The day we found out we lost you was hot like Georgia heat—late-afternoon, silver mirage puddling the blacktop like mercury.
I remember the blasted-out light of summer—colorless, burnt tin, scorched. The smell of creek water, fresh-cut grass, wood smoke, gasoline.
The text was the kind of text you know is never good. “Please call me, okay? I’ve got bad news.” And that’s what I want to say most of all: Please call me, okay?
I think of all the calls I missed from you. The calls I didn’t catch because I wasn’t paying attention or the ones I let hit voicemail because sometimes what you brought was a threat to the stability I want. But I’d settle for that. The threat. The chaos of you living your songs without cease.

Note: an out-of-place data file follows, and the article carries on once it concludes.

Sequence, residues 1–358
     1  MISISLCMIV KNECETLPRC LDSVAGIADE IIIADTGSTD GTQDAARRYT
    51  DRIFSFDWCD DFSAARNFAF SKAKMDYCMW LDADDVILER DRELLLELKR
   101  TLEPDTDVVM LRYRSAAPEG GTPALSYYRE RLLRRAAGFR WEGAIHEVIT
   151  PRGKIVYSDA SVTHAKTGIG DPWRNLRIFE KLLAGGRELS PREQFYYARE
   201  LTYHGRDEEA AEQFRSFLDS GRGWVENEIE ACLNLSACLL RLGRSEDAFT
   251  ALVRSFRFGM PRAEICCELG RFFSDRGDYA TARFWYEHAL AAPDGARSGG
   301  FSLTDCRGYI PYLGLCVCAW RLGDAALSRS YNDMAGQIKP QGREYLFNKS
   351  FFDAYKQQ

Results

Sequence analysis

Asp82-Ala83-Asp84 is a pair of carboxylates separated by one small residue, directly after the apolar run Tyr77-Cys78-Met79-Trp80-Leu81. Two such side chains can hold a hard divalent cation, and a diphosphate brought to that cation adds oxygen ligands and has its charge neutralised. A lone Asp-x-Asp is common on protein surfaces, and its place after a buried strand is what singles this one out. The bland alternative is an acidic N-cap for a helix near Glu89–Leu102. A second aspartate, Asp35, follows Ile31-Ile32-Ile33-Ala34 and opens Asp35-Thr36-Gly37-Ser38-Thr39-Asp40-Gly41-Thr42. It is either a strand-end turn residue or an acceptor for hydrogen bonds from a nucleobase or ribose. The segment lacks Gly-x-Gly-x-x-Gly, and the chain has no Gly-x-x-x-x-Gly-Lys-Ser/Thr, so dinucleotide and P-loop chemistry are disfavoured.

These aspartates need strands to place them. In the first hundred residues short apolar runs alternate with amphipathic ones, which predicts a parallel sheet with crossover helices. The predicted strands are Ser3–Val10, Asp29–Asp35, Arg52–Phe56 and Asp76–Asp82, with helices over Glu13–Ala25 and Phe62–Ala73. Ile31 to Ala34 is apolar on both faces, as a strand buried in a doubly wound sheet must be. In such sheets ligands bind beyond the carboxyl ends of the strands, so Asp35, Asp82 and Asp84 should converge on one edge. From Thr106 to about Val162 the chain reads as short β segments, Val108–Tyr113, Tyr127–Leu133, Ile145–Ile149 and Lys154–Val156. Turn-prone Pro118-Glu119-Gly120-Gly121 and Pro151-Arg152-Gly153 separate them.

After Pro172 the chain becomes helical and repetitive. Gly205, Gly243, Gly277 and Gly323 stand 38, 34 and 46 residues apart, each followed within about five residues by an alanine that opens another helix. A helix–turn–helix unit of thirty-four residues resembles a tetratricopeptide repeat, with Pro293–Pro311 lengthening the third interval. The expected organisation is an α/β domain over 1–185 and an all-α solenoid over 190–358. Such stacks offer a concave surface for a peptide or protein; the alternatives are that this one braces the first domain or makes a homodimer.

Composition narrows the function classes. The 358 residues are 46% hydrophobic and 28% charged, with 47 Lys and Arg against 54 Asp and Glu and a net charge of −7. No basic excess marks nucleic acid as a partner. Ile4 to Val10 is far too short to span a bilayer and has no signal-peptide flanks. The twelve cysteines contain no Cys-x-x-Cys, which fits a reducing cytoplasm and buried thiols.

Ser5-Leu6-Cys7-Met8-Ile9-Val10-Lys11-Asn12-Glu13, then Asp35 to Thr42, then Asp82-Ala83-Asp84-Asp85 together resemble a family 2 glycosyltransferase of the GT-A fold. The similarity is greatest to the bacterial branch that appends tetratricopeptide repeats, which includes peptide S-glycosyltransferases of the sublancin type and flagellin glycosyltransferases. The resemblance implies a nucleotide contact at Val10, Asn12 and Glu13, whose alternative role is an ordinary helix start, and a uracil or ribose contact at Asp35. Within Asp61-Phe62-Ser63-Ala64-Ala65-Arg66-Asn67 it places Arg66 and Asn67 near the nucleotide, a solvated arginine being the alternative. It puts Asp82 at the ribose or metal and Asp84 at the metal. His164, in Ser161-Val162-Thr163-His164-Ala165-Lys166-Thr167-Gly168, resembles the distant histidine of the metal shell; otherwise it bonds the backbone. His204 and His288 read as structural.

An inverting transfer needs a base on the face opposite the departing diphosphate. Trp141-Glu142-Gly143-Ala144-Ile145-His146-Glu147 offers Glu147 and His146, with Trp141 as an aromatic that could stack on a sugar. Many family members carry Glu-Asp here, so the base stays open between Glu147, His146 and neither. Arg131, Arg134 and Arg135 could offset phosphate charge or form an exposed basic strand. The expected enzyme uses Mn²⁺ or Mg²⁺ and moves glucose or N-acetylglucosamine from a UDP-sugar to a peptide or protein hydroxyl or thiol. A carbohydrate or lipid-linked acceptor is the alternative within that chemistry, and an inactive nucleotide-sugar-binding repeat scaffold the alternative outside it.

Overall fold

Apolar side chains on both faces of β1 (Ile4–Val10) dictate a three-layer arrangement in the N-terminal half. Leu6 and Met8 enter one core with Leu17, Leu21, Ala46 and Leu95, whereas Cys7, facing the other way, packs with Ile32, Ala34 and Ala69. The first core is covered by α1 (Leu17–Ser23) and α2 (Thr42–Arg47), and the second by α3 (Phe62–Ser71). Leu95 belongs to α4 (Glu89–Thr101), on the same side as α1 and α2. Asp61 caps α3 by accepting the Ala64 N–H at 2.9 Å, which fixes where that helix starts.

Mostly I want to talk to you again and when you lose someone that’s the first thing off the table. You are cut off from them like a great black wall is built up before you blocking out all the light in the world. Never again will you see their tired smile. You won’t ever tell them how angry you are that they left, how sad you are, how spun out by the news of their exit.
So I will remember you as magic. I will remember you as a fox, as thunder, as broken glass and splinters, as a train out from the west, as one of these sweet friends of mine; how I miss you so.